people at conference table

Six Reasons Solo PR Pros Should Serve on a Board

Introduction: One of the many benefits of being a Solo PR Pro is the ability to choose the clients and type of work you do. You have the flexibility to work with clients doing work that interests you or for causes that you support. Many Solo PR Pros are also fulfilled by volunteering. It is a meaningful way to give back, stretch your skill sets and connect with a new network of people. Serving on a board delivers all of the benefits of volunteering and can enhance your leadership skills.  In the following post, Solo PR Pro Premium member, Daria Steigman shares six reasons independent pros should serve on a board. This post was first published on Steigman Communications, as Six Reasons Why You Should Serve on a Board.

I love boards. Not sawed lumber, though I imagine that comes in handy if you need to build shelter from the rain. But those management structures that are designed to provide guidance, oversight, and strategic direction to an organization.

I believe that all solopreneurs and small business owners should get some kind of board experience. I’ve served on (and ran) both my 270-unit condominium association board and that of the rather-large IABC chapter in the Baltimore-Washington region. I’m now serving on a business advisory board for a student-run group that initiates and implements micro-development projects in Washington, D.C.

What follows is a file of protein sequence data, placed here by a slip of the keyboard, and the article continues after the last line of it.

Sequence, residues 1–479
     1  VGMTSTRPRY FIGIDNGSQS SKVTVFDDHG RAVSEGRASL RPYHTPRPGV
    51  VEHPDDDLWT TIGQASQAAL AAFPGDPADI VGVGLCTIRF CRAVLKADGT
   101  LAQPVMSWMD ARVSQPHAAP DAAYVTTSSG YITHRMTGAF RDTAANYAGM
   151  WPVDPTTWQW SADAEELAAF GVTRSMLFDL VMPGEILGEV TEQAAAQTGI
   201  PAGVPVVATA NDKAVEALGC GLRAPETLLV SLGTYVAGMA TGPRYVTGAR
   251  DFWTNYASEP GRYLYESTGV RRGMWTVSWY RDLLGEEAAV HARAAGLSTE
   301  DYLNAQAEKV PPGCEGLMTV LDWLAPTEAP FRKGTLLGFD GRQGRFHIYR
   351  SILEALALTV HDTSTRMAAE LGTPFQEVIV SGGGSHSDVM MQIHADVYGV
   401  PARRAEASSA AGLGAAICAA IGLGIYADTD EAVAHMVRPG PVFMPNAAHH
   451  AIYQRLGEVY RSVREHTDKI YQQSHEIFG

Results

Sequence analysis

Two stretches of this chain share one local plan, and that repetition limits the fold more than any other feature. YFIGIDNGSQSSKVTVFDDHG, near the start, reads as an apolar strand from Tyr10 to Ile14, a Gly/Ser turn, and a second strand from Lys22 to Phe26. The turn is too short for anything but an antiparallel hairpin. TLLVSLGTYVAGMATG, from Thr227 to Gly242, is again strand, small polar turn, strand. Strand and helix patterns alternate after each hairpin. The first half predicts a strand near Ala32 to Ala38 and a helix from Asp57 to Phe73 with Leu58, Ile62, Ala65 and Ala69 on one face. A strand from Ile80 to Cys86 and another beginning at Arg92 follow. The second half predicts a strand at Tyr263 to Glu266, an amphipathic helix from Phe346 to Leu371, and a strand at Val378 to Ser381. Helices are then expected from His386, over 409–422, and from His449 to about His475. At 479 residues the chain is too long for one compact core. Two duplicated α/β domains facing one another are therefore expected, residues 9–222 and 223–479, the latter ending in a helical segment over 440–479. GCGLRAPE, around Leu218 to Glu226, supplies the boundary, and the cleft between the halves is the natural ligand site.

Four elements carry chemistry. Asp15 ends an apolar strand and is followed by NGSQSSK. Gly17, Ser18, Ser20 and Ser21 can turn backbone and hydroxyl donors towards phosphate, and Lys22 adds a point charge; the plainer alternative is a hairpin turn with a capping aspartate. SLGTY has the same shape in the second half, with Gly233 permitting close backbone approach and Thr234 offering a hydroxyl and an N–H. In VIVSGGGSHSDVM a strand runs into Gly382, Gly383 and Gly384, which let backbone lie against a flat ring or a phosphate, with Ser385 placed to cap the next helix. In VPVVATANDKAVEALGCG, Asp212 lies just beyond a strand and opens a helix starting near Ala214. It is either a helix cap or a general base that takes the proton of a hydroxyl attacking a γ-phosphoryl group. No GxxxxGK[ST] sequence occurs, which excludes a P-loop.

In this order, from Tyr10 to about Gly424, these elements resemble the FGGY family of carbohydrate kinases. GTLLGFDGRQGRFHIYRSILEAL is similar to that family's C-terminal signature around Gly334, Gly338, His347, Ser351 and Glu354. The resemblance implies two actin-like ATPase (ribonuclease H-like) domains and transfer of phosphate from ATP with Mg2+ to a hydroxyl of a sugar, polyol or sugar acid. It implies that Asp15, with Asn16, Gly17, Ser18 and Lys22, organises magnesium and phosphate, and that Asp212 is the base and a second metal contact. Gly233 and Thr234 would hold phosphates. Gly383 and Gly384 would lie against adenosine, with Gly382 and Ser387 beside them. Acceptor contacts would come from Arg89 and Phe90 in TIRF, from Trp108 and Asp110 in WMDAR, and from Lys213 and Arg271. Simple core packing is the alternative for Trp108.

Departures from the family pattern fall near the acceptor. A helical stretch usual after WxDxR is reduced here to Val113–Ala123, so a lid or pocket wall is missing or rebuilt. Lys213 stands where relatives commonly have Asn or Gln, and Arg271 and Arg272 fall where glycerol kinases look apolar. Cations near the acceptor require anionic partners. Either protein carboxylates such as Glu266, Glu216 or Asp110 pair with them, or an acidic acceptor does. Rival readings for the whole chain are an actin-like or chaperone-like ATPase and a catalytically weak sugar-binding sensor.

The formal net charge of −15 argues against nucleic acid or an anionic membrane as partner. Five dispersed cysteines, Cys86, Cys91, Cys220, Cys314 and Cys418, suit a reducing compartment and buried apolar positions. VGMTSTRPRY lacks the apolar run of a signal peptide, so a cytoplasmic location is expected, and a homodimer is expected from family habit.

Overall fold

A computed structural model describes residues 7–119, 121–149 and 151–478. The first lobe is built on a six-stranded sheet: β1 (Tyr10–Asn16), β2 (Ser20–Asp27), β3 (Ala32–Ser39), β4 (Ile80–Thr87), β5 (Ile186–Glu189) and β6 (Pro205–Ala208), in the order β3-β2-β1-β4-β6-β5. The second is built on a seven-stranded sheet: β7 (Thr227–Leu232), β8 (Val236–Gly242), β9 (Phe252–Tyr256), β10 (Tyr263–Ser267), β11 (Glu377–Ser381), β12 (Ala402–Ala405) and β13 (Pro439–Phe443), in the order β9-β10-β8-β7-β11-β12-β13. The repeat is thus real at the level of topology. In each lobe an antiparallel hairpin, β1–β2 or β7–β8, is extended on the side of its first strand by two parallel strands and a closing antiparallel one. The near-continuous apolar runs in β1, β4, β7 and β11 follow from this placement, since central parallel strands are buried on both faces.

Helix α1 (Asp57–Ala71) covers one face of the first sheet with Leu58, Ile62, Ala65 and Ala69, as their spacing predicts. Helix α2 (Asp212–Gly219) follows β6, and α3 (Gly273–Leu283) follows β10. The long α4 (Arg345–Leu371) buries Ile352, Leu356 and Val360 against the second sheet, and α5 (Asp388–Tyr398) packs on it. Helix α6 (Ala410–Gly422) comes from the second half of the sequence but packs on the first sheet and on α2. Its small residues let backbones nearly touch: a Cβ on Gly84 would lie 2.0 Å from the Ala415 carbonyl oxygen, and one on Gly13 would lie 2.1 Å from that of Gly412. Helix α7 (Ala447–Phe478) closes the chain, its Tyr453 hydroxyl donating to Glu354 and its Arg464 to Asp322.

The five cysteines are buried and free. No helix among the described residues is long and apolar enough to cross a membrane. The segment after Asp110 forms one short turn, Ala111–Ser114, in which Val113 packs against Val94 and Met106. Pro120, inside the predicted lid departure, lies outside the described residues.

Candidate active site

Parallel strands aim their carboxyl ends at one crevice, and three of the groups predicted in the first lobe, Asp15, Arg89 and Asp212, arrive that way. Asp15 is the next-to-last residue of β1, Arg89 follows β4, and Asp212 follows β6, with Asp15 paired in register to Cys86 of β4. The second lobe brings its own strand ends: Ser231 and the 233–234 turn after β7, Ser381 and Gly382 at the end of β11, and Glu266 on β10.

The best boards are run like businesses; and, like any business, they offer an opportunity to gain valuable skills. Boards also challenge us to test our limits and reach beyond our comfort zones.

So here are six big benefits I gained from serving on boards:

  1. Financial management skills, including building and managing million-dollar-plus annual budgets.
  2. Contracting, including bidding out large projects.
  3. Personnel management, including hiring and firing, and dealing with a sexual harassment claim.
  4. Project management (large-scale construction and renovation projects).
  5. Teamwork, including learning how to build consensus.
  6. Leadership.

Now I’d like to ask you: What have I left out? What skills and insights have you gained from serving on a board?
photo credit: Kicking off the investor roundtable at GES 2016 via photopin (license)